Movement. Walking in an airport terminal


Change is only possible through movement.

~Aldous Huxley

Too much action with too little intent makes for wasteful exertion of energy and the confusion between movement and progress.

~Steve Maraboli

In a crisis, people react differently. Some have the urge to take action. This quality, combined with an instinct for knowing what is needed, can be an effective combination. But even those with great confidence can have doubts, and even the most effective people can be wrong.

Others may have the tendency to freeze up, or put off taking action, or take action that doesn’t solve the problem (or contribute toward the goal).

This latter category might include the “busy people.” These people have no problem with movement or action but confuse busyness with productivity. There might be a weak link to the actions that they take and the issue at hand. I know all about this. My house was never so clean as when I was in grad school. I would be working through the same set of equations for the tenth time, look up, and suddenly realize that my closet urgently needed to be organized.

Busy people might even be working on related tasks but aren’t contributing to a solution—for example, someone spending half a day making sure the spreadsheets on iceberg movement are correct while the Titanic is sinking. As the novelist Ellen Glasgow wrote, “All change is not growth, as all movement is not forward.”

Another category might include the “chronic planners.” We all know them. Their first instinct in any situation is to schedule a meeting (or a series of regular meetings). These people are averse to taking any action until they have heard the opinions of all the people who might have something to contribute. They need to fully understand all of the potential outcomes. They need to create a plan and send it out for review, and then do it again with the revision.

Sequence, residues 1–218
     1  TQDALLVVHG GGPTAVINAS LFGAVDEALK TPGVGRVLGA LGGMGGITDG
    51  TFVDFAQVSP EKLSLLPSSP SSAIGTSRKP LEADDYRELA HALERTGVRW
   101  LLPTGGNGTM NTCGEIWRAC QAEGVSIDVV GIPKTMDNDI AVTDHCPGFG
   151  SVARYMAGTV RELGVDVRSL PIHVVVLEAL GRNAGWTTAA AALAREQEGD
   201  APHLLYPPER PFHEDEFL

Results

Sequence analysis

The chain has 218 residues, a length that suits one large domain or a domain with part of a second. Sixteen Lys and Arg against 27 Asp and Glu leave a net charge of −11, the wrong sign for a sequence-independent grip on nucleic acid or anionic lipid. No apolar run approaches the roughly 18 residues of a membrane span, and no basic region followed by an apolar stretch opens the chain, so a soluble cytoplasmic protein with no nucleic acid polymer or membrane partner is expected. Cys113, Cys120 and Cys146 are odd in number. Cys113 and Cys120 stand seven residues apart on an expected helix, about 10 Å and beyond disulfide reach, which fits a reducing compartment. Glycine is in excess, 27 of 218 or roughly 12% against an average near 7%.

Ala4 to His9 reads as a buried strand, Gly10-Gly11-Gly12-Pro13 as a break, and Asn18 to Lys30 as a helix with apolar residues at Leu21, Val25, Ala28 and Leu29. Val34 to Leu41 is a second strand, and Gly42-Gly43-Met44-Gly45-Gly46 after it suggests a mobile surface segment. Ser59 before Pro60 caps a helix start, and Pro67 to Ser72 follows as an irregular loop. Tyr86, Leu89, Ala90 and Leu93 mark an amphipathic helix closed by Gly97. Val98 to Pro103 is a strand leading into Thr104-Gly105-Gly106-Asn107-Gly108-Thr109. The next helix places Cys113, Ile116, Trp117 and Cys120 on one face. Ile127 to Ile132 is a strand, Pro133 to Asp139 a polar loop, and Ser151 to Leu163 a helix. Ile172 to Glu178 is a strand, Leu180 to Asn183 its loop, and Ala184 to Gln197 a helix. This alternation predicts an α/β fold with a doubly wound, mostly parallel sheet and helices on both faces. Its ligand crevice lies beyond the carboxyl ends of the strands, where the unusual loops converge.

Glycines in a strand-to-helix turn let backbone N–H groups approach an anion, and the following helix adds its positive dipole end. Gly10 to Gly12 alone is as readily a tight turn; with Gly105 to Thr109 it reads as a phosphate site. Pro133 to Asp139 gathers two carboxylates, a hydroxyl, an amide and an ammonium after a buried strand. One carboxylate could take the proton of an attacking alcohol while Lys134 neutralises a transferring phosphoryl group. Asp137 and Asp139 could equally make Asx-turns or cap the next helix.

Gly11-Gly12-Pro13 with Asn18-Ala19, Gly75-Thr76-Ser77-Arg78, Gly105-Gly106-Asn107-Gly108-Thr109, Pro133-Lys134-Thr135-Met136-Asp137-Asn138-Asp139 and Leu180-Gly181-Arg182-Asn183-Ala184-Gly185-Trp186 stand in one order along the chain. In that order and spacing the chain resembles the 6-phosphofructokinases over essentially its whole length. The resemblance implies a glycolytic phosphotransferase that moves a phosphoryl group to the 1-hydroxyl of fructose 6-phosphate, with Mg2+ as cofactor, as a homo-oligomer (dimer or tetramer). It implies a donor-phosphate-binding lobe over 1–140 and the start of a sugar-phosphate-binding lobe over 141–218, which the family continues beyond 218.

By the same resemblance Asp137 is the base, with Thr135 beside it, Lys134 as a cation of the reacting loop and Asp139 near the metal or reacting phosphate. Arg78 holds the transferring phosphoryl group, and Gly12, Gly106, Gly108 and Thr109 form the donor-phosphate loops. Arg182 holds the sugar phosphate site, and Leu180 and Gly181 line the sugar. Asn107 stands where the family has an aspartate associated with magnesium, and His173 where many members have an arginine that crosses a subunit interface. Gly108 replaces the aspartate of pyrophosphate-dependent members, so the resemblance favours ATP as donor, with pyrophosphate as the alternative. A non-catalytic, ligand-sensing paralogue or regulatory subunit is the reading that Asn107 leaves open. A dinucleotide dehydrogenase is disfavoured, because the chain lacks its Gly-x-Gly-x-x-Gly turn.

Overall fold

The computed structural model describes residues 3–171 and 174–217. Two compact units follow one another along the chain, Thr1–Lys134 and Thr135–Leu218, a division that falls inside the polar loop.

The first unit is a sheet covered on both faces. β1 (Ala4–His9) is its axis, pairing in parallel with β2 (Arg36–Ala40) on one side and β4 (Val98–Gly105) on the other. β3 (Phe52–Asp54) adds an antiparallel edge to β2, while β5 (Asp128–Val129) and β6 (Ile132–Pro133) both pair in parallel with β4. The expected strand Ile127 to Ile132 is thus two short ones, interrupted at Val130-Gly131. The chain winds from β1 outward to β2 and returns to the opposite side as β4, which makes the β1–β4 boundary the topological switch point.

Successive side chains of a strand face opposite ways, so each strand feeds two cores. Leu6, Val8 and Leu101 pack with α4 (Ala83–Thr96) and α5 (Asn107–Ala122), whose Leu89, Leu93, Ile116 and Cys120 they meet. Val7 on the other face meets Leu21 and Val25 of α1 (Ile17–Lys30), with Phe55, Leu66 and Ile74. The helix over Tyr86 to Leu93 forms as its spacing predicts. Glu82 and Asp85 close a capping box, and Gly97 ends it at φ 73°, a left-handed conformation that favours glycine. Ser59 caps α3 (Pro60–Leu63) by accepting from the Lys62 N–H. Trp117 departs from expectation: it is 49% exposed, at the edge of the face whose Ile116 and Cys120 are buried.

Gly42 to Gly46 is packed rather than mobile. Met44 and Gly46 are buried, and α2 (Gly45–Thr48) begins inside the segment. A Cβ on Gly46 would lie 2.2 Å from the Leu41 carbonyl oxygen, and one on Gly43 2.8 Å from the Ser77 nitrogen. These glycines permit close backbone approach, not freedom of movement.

Of course there’s nothing wrong with planning; a certain amount of planning is needed to ensure a desired outcome. But it must be understood that the plan is not the final result; it’s the action the plan calls for, and the outcomes from that action.

Finally there are the people who freeze up (sorry, I don’t have a humorous nickname for them). Some people, when faced with a crisis or an overwhelming set of responsibilities, just get paralyzed. I know about this too. Every so often I have so much on my plate—and it all seems to be equally important—that my inner “chronic planner” goes out the window. I respond to whoever is yelling the loudest. I become reactive rather than proactive. I stare into the glow of my computer screen like a deer in the headlights, waiting for the screech and the impact.

I eventually come in early one morning, give free reign to my inner planner, and get myself back on track, but it is unnerving all the same.

Taking an appropriate action, whether it is a life-or-death decision or an everyday occurrence, requires some planning, some groundwork, and some confidence. It can also take a fresh perspective or renewed energy. Sometimes we have the time and circumstances for those elements, and sometimes we don’t. If it seems we don’t more often than we do, we may have to take a step back and gain some perspective.

  • Are we working on the right tasks?
  • Do we have the right priorities in mind?
  • Have we built in enough time for planning and groundwork?
  • Have we built in enough time for mental breaks and a fresh eye?

Sometimes we all have to pause, step back, reexamine our path, and make a course correction if necessary.

It is not always easy, but it is often necessary—necessary for productivity, but also necessary for peace of mind and for happiness. Movement is necessary, but it must be movement in the right direction. Sometimes you need to climb a tree to get your bearings . . .

. . . and sometimes because climbing trees is fun.

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